This aircraft is I believe the one product that will push X-Plane 10 from the niche flight simulator market  to mass market appeal. The ultra high definition texturing and 3d modelling is amongst the best I have seen. Khamsin has set down a marker with this aircraft for others to follow. It shows us what can be done with the X-Plane environment and I suspect that there will be plenty of developers looking at this model just to see what Khamsin has done. 

 

I have only found one complaint which I feel sure will be dealt with via an update and that was the switch effect being the same on all switches. 

 

So what's my recommendation, it's a simple one.                 Go Buy it now.

 

Finally regarding FPS on my machine I was achieving 30fps in most areas and as I flew down into Cardiff City Centre to have a look at the Millenium Stadium it was mice and smooth, as we know the real trick with Xplane is to manage the settings I have been told mine are quite high, I have altered them to a lower settings but I always go back to the previous ones, by altering the visibility range down to about 5 miles the FPS will jump upto about 40fps. 

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This is the one aircraft you need in your hangar without a doubt. You will have hours of fun and I bet you will spend an hour just looking around it and taking screen shots the first time you load it up.  I'll say it again this is possibly the finest X-Plane aircraft on the market at the present time.

 

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So there you have it, have you bought it yet.

 

Wycliffe Barrett

 

25th October 2013

 

The B-25 Mitchell is available at the x-plane.org Store : North American B-25 Mitchell

 

Designer's website: KhamsinStudio

 

Price is US$24.95

 

Technical Requirements:

Windows , MAC OS 10.5 (or higher) or Linux

X-Plane 10.20 (or higher) - 32 and 64 bit compatible)

4GB RAM/512Mb VRAM (1Gb Recommended)- 250MB available hard disk space

Version 1.0 (last updated October 19th 2013)

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Hi Wycliffe,

 

I know what you mean about the rudder pedals but you get used to it and can control it normally if your rudder pedals have sufficient resolution. You have to move the pedals in minuscule increments and actively dampen yaw oscillations. I've seen some of those black and white grainy films out the nose of B-25s that showed yaw oscillations, so I'm guessing that some instability is normal. On the other hand, the sensitivity of the yaw control may have another explanation.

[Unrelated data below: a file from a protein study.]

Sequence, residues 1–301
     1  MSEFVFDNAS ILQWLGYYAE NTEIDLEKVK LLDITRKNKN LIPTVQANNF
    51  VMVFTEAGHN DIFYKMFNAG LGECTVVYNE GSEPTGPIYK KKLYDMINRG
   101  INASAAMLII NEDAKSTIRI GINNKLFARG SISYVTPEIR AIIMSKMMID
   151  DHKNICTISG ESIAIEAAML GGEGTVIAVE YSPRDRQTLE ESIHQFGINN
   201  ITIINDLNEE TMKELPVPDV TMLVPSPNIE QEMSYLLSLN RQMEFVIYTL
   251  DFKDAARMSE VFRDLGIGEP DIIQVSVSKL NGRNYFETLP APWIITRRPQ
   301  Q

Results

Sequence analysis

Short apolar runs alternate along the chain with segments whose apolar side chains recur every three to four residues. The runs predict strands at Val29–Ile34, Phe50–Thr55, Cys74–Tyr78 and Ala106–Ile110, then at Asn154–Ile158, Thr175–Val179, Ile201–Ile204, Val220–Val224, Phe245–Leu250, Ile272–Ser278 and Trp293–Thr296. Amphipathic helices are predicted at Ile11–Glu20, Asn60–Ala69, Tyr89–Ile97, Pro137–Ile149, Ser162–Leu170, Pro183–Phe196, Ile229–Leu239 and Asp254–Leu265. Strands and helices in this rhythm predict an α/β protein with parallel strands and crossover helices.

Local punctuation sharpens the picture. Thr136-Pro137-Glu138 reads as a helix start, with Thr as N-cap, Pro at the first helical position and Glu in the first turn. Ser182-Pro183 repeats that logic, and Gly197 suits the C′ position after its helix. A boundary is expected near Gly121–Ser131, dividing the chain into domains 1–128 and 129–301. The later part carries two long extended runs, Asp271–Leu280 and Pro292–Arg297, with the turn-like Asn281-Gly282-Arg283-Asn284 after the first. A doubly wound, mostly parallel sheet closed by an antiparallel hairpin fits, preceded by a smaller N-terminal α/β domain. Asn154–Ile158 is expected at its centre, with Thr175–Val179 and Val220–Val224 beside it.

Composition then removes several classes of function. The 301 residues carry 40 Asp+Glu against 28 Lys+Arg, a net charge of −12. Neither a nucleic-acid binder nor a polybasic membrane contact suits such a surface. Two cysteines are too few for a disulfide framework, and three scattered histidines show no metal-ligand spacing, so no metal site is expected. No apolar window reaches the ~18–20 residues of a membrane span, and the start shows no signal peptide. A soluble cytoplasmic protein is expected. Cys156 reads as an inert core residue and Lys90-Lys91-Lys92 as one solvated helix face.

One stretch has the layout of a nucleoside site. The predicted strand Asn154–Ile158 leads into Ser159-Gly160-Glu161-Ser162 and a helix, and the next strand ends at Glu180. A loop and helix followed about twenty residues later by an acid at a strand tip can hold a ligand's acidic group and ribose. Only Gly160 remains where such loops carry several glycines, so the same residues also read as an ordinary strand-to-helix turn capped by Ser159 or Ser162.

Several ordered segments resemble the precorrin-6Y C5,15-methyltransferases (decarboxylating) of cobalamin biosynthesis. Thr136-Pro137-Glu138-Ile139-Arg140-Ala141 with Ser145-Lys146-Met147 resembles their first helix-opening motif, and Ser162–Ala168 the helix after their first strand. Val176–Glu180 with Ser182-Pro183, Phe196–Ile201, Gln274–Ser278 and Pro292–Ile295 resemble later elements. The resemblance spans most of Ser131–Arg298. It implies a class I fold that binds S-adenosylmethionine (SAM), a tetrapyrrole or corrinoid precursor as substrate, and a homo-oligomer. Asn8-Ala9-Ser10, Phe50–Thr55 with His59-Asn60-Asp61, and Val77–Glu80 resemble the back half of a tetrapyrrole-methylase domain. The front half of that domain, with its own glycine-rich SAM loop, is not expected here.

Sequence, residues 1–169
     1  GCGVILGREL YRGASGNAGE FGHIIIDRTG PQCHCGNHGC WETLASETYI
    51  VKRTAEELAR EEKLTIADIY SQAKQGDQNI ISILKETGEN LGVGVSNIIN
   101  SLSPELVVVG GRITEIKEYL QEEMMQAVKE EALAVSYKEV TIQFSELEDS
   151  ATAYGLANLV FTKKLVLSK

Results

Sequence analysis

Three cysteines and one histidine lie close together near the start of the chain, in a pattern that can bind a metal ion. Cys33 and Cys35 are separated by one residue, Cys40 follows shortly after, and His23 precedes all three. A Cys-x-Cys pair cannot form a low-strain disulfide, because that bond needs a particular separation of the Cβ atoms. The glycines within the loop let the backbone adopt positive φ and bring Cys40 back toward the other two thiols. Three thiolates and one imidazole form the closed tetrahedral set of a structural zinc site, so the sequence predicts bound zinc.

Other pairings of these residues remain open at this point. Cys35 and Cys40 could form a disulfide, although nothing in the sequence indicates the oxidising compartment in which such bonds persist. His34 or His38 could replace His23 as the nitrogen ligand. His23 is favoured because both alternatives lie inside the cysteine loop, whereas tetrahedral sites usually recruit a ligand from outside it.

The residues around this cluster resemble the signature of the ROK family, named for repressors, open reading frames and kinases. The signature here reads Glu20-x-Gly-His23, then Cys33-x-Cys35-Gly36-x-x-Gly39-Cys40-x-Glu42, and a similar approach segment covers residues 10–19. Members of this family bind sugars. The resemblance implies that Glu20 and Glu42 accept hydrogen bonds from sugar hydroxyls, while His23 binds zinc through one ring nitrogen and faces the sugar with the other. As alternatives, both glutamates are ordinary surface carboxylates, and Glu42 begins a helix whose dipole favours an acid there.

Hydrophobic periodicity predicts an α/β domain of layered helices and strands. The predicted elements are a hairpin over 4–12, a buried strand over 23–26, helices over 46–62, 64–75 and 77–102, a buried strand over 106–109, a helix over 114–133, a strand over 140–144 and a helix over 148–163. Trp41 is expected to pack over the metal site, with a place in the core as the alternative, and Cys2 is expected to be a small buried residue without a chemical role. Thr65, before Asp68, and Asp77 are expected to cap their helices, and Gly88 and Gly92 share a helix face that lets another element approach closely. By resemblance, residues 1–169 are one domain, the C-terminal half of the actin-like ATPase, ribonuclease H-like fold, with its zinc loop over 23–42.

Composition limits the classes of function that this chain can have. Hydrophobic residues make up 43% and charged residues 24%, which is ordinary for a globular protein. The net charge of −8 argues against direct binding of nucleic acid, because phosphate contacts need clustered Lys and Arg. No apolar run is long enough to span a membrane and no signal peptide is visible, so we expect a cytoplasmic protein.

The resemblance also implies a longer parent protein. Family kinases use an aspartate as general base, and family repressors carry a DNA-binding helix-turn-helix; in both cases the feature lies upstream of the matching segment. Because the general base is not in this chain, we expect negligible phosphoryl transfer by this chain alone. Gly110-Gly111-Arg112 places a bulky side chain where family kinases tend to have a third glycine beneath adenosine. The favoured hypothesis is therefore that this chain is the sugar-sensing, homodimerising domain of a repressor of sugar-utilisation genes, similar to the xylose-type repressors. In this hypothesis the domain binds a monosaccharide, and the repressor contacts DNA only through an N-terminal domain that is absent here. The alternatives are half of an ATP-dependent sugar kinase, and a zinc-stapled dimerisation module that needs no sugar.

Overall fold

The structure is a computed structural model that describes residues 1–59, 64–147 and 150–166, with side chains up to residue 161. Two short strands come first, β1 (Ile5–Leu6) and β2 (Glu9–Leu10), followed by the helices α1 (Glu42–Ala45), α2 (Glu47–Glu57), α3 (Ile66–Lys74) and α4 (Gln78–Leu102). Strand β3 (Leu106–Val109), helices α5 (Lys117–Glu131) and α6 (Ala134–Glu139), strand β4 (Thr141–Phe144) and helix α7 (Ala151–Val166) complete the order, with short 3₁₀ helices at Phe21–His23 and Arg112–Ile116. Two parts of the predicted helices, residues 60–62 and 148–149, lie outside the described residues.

I'm familiar Khamsin's Chipmunk and it can be controlled very near the stall speed because of that extra control authority. In fact, when you're hanging under the prop, dragging the plane in, it can be controlled entirely with the rudder. Khamsin's B-25 can be controlled the same way. It's a little less stable than the Chipmunk but you can control it at angles of attack that would drag the tail if you touched down. I love flying this plane; it feels like flying an STOL aircraft.

 

The only thing I found that is a little inaccurate is that the stall speed seems to be above 90 knots. Everything I've read indicates that the stall speed should be around 80 knots with full flaps and no load. I've actually seen a clip in which a B-25 pilot says that he'd flown it at around 65 knots. Of course that inaccuracy doesn't matter as long as you know what to expect.

 

Congratulations on your new "job" as reviewer! I'm a great fan of your scenery so I'm sure your reviews will be delightful. I think you've struck a good balance between honesty and developer support. The positive component of your review is right on. Khamsin's B-25 is in my highest category, all of which are so great that I can't begin to compare them with each other.

--

Gary

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You may like to go to "scribd" and download the Mitchell B-25 training manual. This is a 1944/45 training manual dealing in all aspects of the bomber equipment and flying technics. You are correct a great Kasmin addition,  I fly from EGOD, which fits in well with the B-25.

 

UKWanderer